All those who claim that the basic program behind the new party – Blue and White – is the obsession to get rid of Netanyahu are right. However, that involves not only dethroning the man but also trying to repair all the things he has broken and corrupted in this country in the last 10 years – from his Louis XIV mannerisms and airs, attacks on all the gatekeepers and law-enforcement authorities, the deliberate division of Israeli society and delegitimization of the opposition, favoritism for tycoons, excessive privatization of basic social services, unreasonable concessions to some of the coalition partners, complete neglect of the search for a viable settlement with the Palestinians (cooperation with the Gulf states is certainly welcome, but is not an alternative) etc. How the new party plans to confront all these issues is not known at this point.
First impressions from the founding ceremony of the new united party are that all of its four leaders need an urgent makeover by professional stylists; none of them are great orators; and Gabi Ashkenazi looked a little lost. However, the very warm words spoken by Lapid about Gantz in his speech gave reason to believe that he plans to make a real effort to push aside his ego, at least for a while, and try to make the union work.
It should be noted that the three former chiefs of staff who are part of the new party’s leadership all served during Netanyahu’s premiership – two of them as chiefs of staff (Ashkenazi and Gantz) and one (Moshe Ya’alon) as defense minister. In fact, of the four defense ministers who served under Netanyahu, three – Ehud Barak, Ya’alon and Avigdor Liberman – are among his most serious critics, while the fourth, Yitzhak Mordechai, ran against Netanyahu in the 1999 elections for prime minister (Barak won that race).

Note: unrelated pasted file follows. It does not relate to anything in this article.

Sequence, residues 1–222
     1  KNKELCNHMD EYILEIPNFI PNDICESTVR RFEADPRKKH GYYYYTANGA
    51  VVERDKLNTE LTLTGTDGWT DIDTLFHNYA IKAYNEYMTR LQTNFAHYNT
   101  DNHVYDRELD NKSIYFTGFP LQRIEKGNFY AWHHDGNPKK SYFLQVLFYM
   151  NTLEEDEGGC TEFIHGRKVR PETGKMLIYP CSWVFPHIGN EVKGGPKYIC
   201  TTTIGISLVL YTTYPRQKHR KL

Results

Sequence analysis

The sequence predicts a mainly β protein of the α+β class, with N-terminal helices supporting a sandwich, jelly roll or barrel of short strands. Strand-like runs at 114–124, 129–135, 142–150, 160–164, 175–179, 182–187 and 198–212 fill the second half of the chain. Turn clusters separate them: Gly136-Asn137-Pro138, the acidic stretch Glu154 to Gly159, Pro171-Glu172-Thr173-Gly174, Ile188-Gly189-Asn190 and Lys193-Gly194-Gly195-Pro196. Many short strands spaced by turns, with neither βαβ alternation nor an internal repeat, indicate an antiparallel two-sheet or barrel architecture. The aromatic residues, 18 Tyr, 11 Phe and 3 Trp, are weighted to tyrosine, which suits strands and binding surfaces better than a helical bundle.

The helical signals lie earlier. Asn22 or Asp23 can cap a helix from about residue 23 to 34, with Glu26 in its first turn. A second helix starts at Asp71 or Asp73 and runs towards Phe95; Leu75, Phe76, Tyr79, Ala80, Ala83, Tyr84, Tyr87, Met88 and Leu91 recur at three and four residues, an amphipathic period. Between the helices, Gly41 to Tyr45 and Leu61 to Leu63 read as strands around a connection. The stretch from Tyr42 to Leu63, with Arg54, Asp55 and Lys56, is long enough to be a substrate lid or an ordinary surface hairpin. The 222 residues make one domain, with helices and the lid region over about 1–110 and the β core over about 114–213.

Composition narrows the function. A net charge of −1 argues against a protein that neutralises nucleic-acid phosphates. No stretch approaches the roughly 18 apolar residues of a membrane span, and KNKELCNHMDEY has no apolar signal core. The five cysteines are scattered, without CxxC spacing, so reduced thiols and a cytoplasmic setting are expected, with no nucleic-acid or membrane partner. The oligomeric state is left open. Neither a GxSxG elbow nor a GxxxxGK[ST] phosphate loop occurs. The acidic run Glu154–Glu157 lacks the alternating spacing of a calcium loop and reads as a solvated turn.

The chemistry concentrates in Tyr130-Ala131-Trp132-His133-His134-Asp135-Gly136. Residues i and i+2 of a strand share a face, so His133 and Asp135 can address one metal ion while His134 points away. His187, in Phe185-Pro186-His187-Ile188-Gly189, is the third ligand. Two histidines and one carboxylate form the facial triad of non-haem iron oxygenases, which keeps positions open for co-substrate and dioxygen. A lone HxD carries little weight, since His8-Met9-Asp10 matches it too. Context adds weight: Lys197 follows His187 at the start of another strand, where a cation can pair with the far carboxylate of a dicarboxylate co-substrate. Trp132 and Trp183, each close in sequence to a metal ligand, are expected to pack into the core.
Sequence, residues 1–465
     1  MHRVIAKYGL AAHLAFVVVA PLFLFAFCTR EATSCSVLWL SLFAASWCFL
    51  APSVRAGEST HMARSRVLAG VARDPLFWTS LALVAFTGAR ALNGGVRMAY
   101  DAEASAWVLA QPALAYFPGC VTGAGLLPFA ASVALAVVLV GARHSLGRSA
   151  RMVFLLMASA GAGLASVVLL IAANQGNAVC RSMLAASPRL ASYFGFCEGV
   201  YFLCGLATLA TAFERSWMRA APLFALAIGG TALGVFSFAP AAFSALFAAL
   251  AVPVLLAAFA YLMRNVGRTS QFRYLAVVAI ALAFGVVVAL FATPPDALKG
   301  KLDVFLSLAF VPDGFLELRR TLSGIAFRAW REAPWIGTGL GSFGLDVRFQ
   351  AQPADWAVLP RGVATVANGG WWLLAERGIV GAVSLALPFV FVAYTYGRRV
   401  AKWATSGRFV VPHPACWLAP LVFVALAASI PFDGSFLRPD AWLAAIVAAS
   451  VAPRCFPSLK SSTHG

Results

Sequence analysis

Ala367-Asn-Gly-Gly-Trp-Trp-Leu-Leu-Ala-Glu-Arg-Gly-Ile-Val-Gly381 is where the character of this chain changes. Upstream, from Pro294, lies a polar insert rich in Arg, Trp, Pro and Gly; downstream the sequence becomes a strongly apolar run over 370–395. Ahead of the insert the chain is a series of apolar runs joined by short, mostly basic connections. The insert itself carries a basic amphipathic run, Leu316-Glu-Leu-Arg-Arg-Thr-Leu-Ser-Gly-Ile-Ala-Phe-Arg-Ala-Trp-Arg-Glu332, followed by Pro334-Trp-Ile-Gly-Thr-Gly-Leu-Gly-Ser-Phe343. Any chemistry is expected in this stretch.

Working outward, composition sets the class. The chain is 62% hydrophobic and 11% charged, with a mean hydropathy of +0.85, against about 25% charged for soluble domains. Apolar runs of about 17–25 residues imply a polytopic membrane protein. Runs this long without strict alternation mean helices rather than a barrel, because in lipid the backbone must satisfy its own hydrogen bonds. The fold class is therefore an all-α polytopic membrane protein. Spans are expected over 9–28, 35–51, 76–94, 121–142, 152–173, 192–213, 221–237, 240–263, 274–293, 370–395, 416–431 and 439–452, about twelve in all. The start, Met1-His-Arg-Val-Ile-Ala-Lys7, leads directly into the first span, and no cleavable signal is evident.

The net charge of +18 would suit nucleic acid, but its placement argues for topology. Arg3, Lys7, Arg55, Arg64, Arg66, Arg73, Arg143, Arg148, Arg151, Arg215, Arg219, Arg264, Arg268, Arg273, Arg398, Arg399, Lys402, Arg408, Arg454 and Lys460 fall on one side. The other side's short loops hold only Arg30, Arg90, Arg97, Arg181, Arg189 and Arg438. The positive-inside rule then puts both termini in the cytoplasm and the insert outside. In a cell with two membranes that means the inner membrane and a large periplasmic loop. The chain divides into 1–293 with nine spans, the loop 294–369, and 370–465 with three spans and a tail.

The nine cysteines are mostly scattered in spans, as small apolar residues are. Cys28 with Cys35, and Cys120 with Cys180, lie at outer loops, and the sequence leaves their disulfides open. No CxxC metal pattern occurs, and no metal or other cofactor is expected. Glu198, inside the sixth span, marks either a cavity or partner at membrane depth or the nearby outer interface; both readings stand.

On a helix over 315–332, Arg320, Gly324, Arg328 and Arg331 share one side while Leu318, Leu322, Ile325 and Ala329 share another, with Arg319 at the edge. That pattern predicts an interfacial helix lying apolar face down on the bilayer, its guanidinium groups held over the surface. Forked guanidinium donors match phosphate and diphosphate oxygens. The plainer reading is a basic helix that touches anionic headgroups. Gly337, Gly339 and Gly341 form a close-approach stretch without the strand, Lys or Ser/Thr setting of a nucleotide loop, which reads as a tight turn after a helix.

Of the five former chiefs of staff who served in the course of Netanyahu’s premierships – the late Amnon Lipkin Shahak, Shaul Mofaz, Ashkenazi, Gantz and Gadi Eisenkot – only the latter, who left the post last month, has not (yet) expressed severe criticism of Netanyahu’s conduct.
The new chief of staff, Aviv Kochavi, has already managed to indicate to Netanyahu to his face, and in front of TV cameras, that he didn’t know what he was talking about when he suggested using a Hummer machine gun to accompany reservists being deployed in built-up areas in Judea and Samaria. What the microphone caught Kochavi saying was: “in built areas you fight from window to porch, and do not cross the main street with a Hummer.”
According to Lapid, professional teams are currently preparing an election platform that will outline Blue and White’s positions on various issues, so we must wait and see.
However, what gives rise for concern among the new party’s well-wishers is the problem facing all new parties that emerge one fine day from nowhere. Unless Blue and White finds itself in government – either as its leader or as a major coalition partner – it will probably disintegrate soon after it finds itself on the opposition benches. The fact that a majority of its MKs will be first-time MKs, full of ambition but with little or no glue to keep them together, will certainly diminish the party’s survival chances.
It will be a shame if, in a situation in which for the first time in many years the two largest parties together are likely to command a majority in the Knesset, they will not find a way to establish a government together, which would neutralize the blackmailing power of the smaller potential coalition members, and enable the government to make important decisions. Unfortunately the only chance of that happening is if Attorney-General Avichai Mandelblit decides to indict Netanyahu, forcing him to step down before the elections.